Corrections (defined as a drop from the peak of a market exceeding 5% but less than 20%) are a normal part of investing. For long term investors, they are simply the price we pay to participate.
In this “I can’t wait all minute,” world we live in, where investors can check the price movements of their investments around the clock, corrections can seem unbearably long. According to Fidelity Investments for corrections exceeding 10% the median time from peak to trough is 54 days, with the longest being 252 days.
In the fall of 1998 the market, as measured by the Standards & Poors 500 Index, dipped more than 15% very quickly on the heels of the collapse of Long Term Capital Management, but then recovered the old high five weeks later. Last year the market peaked in April, hit a low on July 2nd, but then see-sawed until August 27th. (See yellow circle below) Once the recovery began in earnest, the April high was eclipsed about 11 weeks later. This year we peaked right at the end of April, with the low (so far) occuring on August 8th. (See green circle)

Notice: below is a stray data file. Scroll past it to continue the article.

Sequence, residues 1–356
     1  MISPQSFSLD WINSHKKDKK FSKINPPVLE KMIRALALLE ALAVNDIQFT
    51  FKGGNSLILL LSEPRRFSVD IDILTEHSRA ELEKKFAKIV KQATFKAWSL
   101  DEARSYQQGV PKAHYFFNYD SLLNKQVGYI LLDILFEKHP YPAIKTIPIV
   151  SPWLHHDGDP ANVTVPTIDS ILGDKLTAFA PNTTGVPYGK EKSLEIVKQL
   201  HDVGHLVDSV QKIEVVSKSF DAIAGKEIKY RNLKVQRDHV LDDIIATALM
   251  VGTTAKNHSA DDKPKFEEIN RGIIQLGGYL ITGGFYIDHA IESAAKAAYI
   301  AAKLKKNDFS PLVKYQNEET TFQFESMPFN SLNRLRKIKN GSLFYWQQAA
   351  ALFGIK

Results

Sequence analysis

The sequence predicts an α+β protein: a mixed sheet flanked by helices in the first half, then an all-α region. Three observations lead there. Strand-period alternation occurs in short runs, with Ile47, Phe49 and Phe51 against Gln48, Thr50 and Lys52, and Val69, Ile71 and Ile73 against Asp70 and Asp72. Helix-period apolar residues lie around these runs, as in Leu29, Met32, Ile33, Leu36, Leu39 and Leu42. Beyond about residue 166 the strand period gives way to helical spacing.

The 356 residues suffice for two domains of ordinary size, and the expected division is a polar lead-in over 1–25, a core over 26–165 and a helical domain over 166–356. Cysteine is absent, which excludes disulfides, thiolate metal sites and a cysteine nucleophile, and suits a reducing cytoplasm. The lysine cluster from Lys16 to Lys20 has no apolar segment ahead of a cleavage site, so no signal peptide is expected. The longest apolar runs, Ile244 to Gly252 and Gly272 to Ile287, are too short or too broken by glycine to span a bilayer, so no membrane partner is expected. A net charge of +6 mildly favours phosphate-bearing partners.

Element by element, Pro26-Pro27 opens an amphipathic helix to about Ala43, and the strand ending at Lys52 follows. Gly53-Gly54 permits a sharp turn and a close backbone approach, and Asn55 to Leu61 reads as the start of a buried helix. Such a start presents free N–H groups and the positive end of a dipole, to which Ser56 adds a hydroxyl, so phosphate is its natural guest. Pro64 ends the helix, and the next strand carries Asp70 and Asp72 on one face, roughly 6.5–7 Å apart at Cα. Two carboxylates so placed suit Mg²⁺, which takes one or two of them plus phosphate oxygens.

If we use history as a guide, we can expect more ups and downs until the market begins its recovery. Of course the past will not repeat perfectly, so have patience. Both US and foreign markets are undervalued and are expected to provide good value for the patient investor.
In my previous blog, I mentioned something about an unemotional indicator—I’ll cover that next time; promise!
*The opinions in this material are for general information only and are not intended to provide specific advice or recommendation for any individual. All performance referenced is historical and is no guarantee of future results. All indices are unmanaged and cannot be invested into directly. Stock investing involves risk including loss of principal. International investing involves special risks such as currency fluctuation and political instability and may not be suitable for all investors.